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What are some examples of drugged driving in New York?

On Behalf of | Apr 1, 2016 | Drunk Driving |

Many New York residents are familiar with the problems caused by drunk driving, but they may be surprised to hear that drugged driving can also lead to an arrest. Certain drugs, whether they are illegal narcotics, perfectly legal prescriptions or over-the-counter medicines can all cause different effects to an individual’s brain.

For example, let’s examine marijuana. According to some, the use of this drug can delay a driver’s reaction time and coordination. It could also affect the driver’s ability judge distance and time while driving. This could lead to a motor vehicle accident.

In addition, illegal drugs such as methamphetamine or cocaine may also have a significant effect on a person’s brain, according to some. For example, those who use such drugs may drive recklessly or aggressively. This can also cause a motor vehicle accident.

Moreover, sometimes prescription drugs can cause problems while driving, according to some. For example, benzodiazepines (a particular kind of sedative) may cause a driver to feel sleepy or dizzy, leading them to be involved in a motor vehicle accident.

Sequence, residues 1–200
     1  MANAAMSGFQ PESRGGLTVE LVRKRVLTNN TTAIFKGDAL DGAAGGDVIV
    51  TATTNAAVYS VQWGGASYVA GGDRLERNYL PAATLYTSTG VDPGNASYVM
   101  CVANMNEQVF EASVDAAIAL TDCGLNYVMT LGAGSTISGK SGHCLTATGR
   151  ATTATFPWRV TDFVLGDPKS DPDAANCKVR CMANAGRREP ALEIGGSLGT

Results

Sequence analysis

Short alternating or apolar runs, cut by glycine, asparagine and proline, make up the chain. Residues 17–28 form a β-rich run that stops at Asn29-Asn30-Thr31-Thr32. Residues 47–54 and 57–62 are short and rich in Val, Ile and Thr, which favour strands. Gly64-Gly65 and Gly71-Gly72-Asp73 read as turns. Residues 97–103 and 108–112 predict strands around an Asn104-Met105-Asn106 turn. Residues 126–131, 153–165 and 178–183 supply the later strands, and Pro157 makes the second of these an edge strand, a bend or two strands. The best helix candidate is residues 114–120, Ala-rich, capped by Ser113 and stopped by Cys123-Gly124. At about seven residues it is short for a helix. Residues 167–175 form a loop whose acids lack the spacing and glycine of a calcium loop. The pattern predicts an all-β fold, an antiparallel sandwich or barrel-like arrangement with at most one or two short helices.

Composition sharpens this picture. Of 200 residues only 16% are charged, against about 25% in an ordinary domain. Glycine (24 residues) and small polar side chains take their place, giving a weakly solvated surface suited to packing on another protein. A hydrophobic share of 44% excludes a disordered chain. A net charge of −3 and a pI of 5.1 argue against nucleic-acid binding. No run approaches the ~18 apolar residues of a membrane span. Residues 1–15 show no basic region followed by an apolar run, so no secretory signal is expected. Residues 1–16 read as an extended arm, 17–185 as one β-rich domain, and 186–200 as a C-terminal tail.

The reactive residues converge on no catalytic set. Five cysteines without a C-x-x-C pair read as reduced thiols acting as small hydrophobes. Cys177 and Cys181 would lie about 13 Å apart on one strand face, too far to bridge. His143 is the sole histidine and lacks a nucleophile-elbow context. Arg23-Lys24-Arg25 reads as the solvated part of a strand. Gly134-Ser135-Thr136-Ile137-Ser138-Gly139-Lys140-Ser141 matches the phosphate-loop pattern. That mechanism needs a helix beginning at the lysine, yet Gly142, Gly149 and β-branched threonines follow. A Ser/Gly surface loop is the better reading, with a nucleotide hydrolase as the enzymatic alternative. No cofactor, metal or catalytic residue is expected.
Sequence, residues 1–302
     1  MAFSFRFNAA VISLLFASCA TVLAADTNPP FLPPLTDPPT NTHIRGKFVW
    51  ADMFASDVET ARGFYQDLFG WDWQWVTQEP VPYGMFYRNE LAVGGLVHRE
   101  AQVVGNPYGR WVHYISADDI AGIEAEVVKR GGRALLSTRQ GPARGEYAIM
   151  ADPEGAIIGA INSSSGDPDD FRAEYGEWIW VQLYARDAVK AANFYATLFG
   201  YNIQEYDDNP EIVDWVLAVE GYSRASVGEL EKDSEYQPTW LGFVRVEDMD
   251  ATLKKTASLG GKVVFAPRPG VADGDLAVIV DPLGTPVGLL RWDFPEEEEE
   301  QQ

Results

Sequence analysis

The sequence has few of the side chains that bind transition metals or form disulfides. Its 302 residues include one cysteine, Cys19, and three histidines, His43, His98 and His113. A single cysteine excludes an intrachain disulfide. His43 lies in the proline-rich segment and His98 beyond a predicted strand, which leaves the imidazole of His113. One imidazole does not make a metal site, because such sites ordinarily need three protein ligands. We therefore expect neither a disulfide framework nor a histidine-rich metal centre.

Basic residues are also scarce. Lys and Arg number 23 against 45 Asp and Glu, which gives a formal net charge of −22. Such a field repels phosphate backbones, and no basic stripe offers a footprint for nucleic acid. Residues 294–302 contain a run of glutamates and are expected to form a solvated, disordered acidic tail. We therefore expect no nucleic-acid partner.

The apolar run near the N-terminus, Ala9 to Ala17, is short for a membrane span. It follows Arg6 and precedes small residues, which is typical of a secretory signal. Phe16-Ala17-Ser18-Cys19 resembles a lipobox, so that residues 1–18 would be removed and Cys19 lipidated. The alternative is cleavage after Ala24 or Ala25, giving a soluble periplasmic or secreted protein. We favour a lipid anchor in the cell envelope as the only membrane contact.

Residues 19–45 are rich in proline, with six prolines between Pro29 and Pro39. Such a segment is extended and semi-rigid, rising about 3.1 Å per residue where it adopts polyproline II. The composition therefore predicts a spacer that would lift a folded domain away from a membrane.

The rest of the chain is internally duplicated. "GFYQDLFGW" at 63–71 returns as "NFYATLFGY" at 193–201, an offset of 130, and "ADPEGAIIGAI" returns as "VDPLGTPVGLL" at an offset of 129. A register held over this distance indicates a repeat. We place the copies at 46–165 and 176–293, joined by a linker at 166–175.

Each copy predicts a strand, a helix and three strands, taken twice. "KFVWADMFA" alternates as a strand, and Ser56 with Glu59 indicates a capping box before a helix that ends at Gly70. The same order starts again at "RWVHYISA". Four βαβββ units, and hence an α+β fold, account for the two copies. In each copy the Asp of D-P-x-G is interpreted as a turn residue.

If you are involved in a motor vehicle accident, and the police accuse you of drugged driving, you could face significant penalties. In fact, some states have “zero-tolerance” policies when it comes to drugged driving. However, there may be defenses in your favor. For example, the traffic stop the officer conducted could be illegal. Officers must have reasonable suspicion that the driver was breaking the law. Without it, the traffic stop may not be legal. However, illegal traffic stops may not be the only defense against drugged driving. In addition, individuals who have taken legal drugs and have been driving responsibly should not be accused of a crime. A criminal law attorney can educate individuals further about any defenses they may have if they are accused of drugged driving.

Source: National Institute on Drug Abuse, “DrugFacts: Drugged Driving,” March 28, 2016


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